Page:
This map shows you the main groups of stars that you could see during the year. Of
course if you look at the night sky you will see a lot more faint stars.

The dotted part of the map is the Milky Way.

You could draw some star patterns on paper and fix them to the walls of your room.
Now spin round slowly in front of them. As you spin you look at different patterns of
stars but the positions of the stars don’t change - they stay where they are - it is you
that is moving.

If you look at the sky from night to night you should notice two important things. All
the stars appear to circle slowly round the pole star during the night and the position
of the constellations also changes from one night to the next.

It’s easy to imagine that we are still and that the stars move round us and this is what
was thought by most people until the seventeenth century. The Christian Church
believed that because Jesus was born on the Earth it must be the centre of the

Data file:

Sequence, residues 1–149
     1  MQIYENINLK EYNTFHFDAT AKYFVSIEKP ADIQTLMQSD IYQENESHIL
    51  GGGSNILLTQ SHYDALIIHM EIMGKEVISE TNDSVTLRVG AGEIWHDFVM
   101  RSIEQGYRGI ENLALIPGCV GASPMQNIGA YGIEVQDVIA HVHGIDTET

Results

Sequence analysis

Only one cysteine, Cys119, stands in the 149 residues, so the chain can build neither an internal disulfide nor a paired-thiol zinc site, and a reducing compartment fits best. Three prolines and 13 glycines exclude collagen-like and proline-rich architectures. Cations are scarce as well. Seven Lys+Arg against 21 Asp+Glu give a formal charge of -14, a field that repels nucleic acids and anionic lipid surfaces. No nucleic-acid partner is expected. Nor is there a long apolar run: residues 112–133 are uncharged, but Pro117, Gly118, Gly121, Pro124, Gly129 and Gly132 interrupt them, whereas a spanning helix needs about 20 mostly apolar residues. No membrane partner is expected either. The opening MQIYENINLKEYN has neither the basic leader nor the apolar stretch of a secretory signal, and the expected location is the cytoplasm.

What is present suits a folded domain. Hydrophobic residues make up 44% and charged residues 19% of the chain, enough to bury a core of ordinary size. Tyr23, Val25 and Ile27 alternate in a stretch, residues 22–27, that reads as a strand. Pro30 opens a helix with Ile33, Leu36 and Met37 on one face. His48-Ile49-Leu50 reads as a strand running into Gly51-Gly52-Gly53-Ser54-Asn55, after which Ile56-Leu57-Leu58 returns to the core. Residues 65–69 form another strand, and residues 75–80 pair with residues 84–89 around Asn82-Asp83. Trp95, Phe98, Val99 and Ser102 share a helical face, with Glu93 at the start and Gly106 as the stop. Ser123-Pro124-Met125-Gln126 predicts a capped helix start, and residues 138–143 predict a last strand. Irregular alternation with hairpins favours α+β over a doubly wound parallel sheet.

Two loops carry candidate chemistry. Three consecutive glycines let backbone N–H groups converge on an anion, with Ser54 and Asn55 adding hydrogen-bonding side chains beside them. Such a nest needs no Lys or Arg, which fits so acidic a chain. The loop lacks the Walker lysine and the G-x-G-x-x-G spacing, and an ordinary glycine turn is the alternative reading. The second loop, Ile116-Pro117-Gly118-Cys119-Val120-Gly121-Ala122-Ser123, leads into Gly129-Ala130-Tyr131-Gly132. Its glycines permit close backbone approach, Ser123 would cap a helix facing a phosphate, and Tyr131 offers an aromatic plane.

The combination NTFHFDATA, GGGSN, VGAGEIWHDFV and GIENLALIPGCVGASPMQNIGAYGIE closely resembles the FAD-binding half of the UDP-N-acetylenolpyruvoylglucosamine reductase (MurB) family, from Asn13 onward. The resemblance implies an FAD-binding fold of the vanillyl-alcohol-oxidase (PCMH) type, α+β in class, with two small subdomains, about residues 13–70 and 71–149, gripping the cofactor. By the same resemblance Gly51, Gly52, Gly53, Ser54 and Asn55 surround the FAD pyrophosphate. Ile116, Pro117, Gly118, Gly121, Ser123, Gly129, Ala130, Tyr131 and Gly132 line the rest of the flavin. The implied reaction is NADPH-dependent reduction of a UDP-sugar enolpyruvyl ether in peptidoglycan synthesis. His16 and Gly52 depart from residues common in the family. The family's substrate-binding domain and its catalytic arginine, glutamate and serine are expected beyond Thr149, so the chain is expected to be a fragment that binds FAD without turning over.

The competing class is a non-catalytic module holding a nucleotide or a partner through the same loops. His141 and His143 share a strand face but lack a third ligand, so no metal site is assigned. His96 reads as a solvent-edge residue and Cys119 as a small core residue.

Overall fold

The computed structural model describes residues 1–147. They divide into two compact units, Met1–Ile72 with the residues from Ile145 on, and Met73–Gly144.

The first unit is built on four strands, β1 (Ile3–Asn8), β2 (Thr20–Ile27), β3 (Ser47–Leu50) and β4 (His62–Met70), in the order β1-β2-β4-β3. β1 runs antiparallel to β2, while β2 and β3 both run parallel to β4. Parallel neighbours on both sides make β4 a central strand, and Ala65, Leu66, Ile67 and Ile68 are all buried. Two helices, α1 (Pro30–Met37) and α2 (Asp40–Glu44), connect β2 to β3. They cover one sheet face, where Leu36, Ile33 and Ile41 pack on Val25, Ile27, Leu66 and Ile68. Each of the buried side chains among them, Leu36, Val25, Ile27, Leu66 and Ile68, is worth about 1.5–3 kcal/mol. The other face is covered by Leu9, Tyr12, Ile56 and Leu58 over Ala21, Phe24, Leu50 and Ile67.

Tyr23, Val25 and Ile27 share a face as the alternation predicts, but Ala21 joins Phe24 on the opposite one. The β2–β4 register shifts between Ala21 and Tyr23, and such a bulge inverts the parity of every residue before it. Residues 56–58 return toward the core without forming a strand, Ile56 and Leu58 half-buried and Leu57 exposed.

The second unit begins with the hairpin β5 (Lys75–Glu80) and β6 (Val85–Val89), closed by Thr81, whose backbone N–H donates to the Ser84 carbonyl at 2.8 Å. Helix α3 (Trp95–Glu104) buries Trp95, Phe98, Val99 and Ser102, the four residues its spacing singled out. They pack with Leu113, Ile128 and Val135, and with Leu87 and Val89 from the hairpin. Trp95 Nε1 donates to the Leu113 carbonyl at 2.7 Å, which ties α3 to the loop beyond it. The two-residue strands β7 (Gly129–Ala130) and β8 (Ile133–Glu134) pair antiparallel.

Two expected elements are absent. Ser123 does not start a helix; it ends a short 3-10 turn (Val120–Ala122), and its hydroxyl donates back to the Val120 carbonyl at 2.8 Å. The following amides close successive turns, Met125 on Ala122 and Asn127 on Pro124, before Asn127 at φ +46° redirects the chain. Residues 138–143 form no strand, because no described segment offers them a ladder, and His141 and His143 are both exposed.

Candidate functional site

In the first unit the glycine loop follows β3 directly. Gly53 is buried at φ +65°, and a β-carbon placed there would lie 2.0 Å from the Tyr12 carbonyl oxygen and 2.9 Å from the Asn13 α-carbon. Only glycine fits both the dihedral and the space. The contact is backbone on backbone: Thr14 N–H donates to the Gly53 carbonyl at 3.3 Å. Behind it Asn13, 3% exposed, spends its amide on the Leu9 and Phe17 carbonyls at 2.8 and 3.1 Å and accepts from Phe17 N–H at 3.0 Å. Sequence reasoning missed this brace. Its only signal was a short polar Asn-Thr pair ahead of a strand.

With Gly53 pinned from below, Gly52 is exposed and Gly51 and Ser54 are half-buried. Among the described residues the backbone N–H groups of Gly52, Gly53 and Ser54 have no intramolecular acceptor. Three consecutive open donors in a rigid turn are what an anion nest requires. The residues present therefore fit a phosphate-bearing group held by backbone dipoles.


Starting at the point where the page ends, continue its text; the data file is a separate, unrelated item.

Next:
Universe and that everything else must go round it.

However, they were wrong. One simple way of seeing that is to look very carefully at
where a star is on one night and then see if it is in exactly the same place 24 hours
later - it wont be! In fact the stars rise from the east 4 minutes earlier each night so
each star will be a little further to the west at the same time on following nights.

                                          Figure 2

January 23rd                                               January 24th

This is because the Earth is moving in a huge orbit round the Sun. It takes a year to
travel round once and this movement means that we are looking at the stars from a
slightly different place in the orbit each night so their positions seem to move a little.
If we wait exactly ONE YEAR then the stars will be in the same position again.
However the stars take just about one day to go once round the pole star.
                                                                    Twelve hours later
You can see how two of the stars of
the Great Bear always point towards
the Pole Star. This is a way of
finding north because the Pole Star
is always north so if you can find it
you have found north.

                                                                      Pole star          Six hours later
                     Circumpolar stars    Eighteen hours later